Tag Archives: Emily Reilly

A Different Kind of Town Hall

When I ran for election to the Santa Cruz City Council for the first time in 2000, and again in 2004, I must have knocked on every door in an attempt to speak to every voter.  I was privileged to receive the most votes ever in each election, and I credit it to this hands-on campaigning.  Running for the State Assembly, I have tried to connect with voters in the same way, but campaigning in a much larger district requires innovative thinking.  That’s one reason I am proud to be a part of the Calitics community – it gives me the chance to speak with people without a media filter and without resorting to sloganeering.

I want to share with you another innovative approach to voter communication I had the good fortune to experience.  Yesterday evening, I hosted a telephone town hall for voters across the 27th district, reaching out to nearly 28,000 voters in all.  We discussed issues ranging from global warming to universal healthcare.  I used telephone town hall technology to speak with voters from Boulder Creek, Monterey, Pacific Grove, Pebble Beach, Santa Cruz and other parts of the district. Over 4,000 people joined me for some or all of the one hour town hall, from the comfort of their own homes.  

The event was like an amalgam of a virtual house party and a radio call-in show.  I began by telling the folks on the call a little bit about my background as a progressive small business person and two-time Mayor of Santa Cruz and then outlined some of the themes of my campaign, including environmental protection which was the theme of the town hall.  But most of the time was dedicated to answering questions from those who called in.  Callers were able to hear each other’s questions as well as my answers, as we discussed how to increase public transit and rail service in the district, preventing cuts to the education budget and creating alternative sources of energy instead of relying on fossil fuels.

This town hall – with the large number of participants – would be difficult, if not impossible, to put together in a usual venue.  I look forward to participating in more once I am in the Assembly, in addition to in-person town halls, as a tool to bring the voices of voters to government.  If commenters know of other innovative voter and constituent communication tools that you have used or participated in, I would love to hear from you.  Thanks to Calitics for providing a similarly innovative forum and for your support of my campaign.

2008 June Assembly Endorsements

This is our first attempt at endorsements on a broad scale in the legislature.  It is not comprehensive, we simply don’t have the resources to get to every seat. But, we tried to get to most of the competitive seats.  We’ll provide a bit of commentary on some of these over the flip. State Senate races tomorrow, and Congressional races on Wednesday. But, today, Assembly races:

AD-08: Mariko Yamada

AD-10: Alyson Huber

AD-15: Joan Buchanan

AD-27: Emily Reilly

AD-37: Ferial Masry

AD-40: Laurette Healey

AD-78: Any Democratic candidate other than Auday Arabo.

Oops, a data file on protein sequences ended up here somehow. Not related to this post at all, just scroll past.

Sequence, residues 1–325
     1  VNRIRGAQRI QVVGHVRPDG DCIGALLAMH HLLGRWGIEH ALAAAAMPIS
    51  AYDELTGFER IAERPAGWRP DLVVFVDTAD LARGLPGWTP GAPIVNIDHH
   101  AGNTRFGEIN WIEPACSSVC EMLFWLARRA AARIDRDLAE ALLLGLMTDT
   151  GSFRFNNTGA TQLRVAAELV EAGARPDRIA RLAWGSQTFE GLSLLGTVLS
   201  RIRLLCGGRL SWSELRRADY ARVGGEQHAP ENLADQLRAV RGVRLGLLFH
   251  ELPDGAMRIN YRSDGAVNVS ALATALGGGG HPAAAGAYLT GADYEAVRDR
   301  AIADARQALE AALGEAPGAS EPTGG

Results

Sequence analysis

AD-80: Manuel Perez

UPDATE: AD-14: Kriss Worthington

AD-08: Mariko Yamada

Chris Cabaldon has run a textbook 20th Century campaign. He has a good resume and the institutional support.  Yamada has a solid resume of her own but can also claim the support of much of the grassroots.  She is also a tireless advocate of single payer healthcare. We support Yamada as the more progressive candidate.

AD-10: Alyson Huber

We have respected Ms. Huber for a while, and she continued to impress on the Calitics podcast. AD-10 is a district that is rapidly blue-ing, so we have a shot in this open seat.

UPDATE: AD-14: Kriss Worthington

We missed this one originally, and for that we apologize. Kriss Worthington is definitely deserving of the endorsement of a progressive blog like this one.  While frontrunners Nancy Skinner and Tony Thurmond would likely be excellent Assembly members, Worthington stands out for his prolific work for the progressive movement in the East Bay. He has signaled his intent to be the far-left conscience of the Assembly, and we need one of those.

AD-15: Joan Buchanan

AD-15 is an always competitive seat that shares much of its district with Jerry McNerney’s congressional district.  Ms. Buchanan would be a very competent Assembly member.

AD-27: Emily Reilly

This is a solid progressive district, and the candidates are all pretty good. Nonetheless, we like the way Reilly has reached out to the grassroots and netroots over the past few months. As a current Santa Cruz city council member and former city mayor Reilly also brings valuable government experience, especially with balancing budgets and finding new revenues, that are desperately needed right now in Sacramento. Her intellect, creativity, and support for budget reform and single payer mean she would be an excellent Assembly member.

AD-37: Ferial Masry

AD-37 is a tough district, but Sharon Runner Audra Strickland is a particularly odious Republican who stands in the way of real progressive change.  We wholeheartedly support Masry’s candidacy.